• Other tests can detect parts of the virus called antigens, or the antibodies that our body produces to defend against these viruses.5


There are no specific drugs available to treat these viruses, and the treatment relies mostly on supportive treatments and the management of the symptoms. The specific interventions vary according to the severity of the disease but in all cases the patients should be monitored, and psychological support should be provided.6

Symptoms can be managed as follows:

  • Paracetamol can be given for fevers
  • Whole blood transfusion can be necessary in cases of major bleeding or severe pallor (pale colour of the skin and mucous membrane that lines the nose and mouth)·Analgesics can be used to treat pain.
  •  Oxygen can be given in cases of difficulty in breathing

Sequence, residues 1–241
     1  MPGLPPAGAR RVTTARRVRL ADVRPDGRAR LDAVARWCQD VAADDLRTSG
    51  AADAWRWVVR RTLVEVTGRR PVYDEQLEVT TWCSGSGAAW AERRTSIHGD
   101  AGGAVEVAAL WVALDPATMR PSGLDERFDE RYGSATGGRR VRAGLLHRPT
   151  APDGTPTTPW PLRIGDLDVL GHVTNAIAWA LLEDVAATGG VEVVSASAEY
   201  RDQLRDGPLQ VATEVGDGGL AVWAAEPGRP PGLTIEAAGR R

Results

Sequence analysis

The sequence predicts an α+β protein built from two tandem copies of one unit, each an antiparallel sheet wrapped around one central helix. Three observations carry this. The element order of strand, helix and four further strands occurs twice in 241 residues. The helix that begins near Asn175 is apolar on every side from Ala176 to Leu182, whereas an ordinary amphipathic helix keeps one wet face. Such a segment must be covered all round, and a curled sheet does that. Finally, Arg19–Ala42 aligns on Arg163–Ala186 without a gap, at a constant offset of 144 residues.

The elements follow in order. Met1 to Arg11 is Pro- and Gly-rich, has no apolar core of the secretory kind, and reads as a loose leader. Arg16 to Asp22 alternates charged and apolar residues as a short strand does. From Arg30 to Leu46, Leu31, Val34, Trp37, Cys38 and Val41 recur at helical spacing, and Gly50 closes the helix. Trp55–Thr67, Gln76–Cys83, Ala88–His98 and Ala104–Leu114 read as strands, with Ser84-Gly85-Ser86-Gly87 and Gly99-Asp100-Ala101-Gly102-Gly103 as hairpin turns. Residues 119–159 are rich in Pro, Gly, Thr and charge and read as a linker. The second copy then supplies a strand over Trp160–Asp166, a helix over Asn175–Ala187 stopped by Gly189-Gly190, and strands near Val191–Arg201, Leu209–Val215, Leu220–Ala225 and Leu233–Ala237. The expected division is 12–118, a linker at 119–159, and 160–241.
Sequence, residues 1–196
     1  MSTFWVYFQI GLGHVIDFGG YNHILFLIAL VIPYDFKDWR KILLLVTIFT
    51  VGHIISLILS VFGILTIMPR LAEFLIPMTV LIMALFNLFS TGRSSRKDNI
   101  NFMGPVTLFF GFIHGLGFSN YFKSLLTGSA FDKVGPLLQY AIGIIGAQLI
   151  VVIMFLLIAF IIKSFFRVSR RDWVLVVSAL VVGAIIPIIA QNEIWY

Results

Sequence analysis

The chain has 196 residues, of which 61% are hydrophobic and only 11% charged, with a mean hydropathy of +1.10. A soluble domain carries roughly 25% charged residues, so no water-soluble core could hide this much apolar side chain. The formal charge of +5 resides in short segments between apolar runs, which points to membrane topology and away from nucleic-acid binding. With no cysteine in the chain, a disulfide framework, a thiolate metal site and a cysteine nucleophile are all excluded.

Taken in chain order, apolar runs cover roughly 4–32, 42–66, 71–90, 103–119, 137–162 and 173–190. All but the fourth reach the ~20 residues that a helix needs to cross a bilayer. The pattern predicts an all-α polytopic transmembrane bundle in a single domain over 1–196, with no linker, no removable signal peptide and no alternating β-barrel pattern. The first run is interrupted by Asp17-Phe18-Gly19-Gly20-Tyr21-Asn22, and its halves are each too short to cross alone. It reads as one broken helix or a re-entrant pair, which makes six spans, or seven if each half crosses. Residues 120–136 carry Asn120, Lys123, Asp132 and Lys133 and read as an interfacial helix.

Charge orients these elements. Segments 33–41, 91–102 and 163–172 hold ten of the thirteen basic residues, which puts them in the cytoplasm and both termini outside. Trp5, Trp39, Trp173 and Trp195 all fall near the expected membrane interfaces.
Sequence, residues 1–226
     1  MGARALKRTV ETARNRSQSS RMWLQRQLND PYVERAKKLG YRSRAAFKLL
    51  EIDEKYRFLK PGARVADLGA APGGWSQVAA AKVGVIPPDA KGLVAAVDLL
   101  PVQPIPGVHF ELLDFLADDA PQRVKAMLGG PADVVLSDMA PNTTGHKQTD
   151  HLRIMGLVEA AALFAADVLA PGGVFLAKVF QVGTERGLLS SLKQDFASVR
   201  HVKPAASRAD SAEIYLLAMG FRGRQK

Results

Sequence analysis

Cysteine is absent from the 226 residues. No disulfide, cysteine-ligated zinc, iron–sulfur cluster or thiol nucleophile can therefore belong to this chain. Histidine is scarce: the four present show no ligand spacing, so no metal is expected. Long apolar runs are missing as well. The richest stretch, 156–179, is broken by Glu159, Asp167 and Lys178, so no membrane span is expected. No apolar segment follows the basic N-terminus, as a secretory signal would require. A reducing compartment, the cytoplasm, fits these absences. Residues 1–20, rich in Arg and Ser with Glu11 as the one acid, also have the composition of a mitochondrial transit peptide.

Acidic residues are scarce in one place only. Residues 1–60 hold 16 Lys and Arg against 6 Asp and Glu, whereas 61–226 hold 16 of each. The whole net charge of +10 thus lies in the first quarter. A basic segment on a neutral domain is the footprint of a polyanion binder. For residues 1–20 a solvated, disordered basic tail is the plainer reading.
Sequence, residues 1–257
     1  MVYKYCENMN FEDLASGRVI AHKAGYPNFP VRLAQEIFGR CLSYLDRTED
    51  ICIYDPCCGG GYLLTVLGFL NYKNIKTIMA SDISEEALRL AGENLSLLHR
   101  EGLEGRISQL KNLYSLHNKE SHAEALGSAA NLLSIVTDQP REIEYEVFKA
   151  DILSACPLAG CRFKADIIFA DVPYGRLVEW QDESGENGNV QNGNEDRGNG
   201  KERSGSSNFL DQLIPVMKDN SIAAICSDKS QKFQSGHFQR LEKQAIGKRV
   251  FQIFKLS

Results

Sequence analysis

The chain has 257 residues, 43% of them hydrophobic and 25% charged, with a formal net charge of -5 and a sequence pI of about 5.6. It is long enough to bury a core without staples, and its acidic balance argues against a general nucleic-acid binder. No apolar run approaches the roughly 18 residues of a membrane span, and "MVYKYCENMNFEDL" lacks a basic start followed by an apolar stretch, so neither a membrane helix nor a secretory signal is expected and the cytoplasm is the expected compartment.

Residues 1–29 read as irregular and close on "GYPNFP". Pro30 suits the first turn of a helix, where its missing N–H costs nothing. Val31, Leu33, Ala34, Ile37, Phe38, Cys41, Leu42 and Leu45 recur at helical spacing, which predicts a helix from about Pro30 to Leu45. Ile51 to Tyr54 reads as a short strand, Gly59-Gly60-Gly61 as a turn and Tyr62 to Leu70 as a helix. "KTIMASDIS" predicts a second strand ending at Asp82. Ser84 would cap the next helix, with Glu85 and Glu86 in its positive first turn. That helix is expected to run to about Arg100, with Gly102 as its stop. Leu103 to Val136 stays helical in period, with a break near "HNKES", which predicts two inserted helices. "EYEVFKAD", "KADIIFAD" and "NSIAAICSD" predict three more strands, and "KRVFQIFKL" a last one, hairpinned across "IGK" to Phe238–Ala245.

• Oral rehydration solutions (ORS) might be given in cases of diarrhoea.
  • Antiemetic drugs (e.g. ondansetron) can be used to combat nausea and vomiting
  •  A sugar solution can be given to patients with hypoglycemia (low blood sugar)
  • Anti-anxiety drugs (e.g. diazepam) can be used to manage the patients’ anxiety


Will I be in danger if I travel to countries where these viruses spread?

Cases of travellers being infected with these viruses when travelling to countries where the infection is spread are rare, and travellers are more likely to contract Malaria than hemorrhagic fevers.7 However, some activities that might cause an interaction with animal hosts (e.g. rodents, bats, and livestock), and vectors (i.e. ticks and mosquitoes), might increase the risk of infection.